Sex"u*al (?), a. [L. sexualis,
fr. sexus sex: cf. F. sexuel.] Of or pertaining to
sex, or the sexes; distinguishing sex; peculiar to the distinction and
office of male or female; relating to the distinctive genital organs
of the sexes; proceeding from, or based upon, sex; as, sexual
characteristics; sexual intercourse, connection, or commerce;
sexual desire; sexual diseases; sexual
Sexual dimorphism (Biol.), the
condition of having one of the sexes existing in two forms, or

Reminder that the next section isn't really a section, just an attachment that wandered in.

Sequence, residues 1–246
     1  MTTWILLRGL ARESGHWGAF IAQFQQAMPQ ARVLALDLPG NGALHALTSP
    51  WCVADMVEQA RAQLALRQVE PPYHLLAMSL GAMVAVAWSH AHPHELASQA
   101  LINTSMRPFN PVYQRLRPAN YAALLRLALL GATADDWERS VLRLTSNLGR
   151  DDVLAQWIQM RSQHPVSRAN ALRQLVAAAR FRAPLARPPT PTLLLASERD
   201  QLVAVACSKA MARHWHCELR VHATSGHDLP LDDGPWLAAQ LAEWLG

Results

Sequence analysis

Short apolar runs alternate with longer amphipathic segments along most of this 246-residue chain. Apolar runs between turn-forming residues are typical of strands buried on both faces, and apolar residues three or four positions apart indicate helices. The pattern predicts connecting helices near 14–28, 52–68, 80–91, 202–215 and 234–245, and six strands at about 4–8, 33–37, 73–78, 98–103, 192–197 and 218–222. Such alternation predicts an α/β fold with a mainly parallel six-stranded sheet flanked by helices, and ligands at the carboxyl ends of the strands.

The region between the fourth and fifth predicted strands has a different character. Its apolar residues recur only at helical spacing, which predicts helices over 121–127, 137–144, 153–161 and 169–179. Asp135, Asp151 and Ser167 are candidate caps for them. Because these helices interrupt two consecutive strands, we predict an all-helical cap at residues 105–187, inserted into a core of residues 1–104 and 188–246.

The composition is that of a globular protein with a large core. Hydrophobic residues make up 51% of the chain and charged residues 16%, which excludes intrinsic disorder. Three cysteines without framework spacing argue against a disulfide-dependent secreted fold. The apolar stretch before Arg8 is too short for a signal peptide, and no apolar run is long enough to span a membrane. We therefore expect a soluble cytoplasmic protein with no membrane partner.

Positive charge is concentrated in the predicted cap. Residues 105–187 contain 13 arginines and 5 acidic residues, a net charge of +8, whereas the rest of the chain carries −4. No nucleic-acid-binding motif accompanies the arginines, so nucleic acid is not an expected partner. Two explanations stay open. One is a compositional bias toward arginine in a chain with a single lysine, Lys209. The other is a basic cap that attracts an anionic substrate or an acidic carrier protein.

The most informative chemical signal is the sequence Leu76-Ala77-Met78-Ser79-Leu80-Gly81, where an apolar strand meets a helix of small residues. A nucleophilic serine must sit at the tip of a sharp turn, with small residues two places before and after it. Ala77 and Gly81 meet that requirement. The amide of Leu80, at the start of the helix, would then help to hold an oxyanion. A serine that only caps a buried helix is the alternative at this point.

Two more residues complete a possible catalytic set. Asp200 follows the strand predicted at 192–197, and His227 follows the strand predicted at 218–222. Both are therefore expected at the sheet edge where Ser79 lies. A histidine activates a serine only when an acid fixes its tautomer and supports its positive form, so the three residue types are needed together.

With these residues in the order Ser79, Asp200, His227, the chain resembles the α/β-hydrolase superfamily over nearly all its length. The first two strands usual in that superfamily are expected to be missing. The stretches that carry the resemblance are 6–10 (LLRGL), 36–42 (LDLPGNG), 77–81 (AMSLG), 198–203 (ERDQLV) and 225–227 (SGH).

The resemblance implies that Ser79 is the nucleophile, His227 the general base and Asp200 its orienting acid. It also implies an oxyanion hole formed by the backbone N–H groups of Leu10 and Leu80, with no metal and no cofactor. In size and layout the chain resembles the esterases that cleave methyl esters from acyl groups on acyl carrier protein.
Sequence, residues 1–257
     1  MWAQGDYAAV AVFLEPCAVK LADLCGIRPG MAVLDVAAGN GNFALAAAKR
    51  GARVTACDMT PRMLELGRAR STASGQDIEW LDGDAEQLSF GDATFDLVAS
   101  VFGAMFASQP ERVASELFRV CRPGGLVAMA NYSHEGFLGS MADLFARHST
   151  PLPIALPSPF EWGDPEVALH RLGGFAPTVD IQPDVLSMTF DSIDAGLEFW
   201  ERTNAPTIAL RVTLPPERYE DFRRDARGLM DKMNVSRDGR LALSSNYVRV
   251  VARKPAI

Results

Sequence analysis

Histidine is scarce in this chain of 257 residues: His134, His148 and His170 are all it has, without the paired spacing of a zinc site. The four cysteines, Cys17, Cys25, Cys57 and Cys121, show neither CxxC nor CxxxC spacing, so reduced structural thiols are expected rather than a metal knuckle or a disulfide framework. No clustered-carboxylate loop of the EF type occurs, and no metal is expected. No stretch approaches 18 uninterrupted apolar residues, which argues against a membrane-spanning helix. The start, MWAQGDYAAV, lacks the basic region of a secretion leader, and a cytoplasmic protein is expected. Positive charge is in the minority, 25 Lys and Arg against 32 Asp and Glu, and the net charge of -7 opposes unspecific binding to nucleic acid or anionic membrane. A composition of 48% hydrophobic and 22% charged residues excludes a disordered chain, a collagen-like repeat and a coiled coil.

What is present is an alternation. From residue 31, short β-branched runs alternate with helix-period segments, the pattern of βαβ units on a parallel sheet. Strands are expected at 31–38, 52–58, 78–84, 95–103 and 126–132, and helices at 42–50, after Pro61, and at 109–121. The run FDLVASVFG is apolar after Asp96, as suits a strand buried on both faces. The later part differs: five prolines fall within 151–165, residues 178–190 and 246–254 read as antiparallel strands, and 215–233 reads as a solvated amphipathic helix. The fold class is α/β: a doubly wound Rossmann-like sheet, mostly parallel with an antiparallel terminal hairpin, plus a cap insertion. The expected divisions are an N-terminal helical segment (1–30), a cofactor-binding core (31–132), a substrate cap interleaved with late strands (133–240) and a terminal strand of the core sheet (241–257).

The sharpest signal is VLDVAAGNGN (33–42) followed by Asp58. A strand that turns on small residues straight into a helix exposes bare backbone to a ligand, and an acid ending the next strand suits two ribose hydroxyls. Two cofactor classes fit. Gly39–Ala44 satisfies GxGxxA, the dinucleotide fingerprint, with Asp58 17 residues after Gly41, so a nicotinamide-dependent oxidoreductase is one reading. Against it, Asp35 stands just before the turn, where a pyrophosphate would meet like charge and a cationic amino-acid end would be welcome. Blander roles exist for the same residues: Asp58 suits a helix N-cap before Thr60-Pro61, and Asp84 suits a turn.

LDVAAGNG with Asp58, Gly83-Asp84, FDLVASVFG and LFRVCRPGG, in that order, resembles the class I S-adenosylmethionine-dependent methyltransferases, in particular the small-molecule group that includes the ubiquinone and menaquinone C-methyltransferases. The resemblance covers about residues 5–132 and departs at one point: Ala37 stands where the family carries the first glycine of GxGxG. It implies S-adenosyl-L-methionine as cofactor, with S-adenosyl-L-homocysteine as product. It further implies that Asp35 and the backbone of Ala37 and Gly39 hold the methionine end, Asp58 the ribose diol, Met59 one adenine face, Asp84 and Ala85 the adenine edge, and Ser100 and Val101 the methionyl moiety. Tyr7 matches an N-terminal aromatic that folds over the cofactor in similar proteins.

varieties, differing in color, size, etc., as in many species of
butterflies which have two kinds of females. -- Sexual
method (Bot.), a method of classification
proposed by Linnæus, founded mainly on difference in number and
position of the stamens and pistils of plants. -- Sexual
selection (Biol.), the selective preference of
one sex for certain characteristics in the other, such as bright
colors, musical notes, etc.; also, the selection which results from
certain individuals of one sex having more opportunities of pairing
with the other sex, on account of greater activity, strength, courage,
etc.; applied likewise to that kind of evolution which results from
such sexual preferences. Darwin.
In these cases, therefore, natural selection seems to
have acted independently of sexual selection.
A. R. Wallace.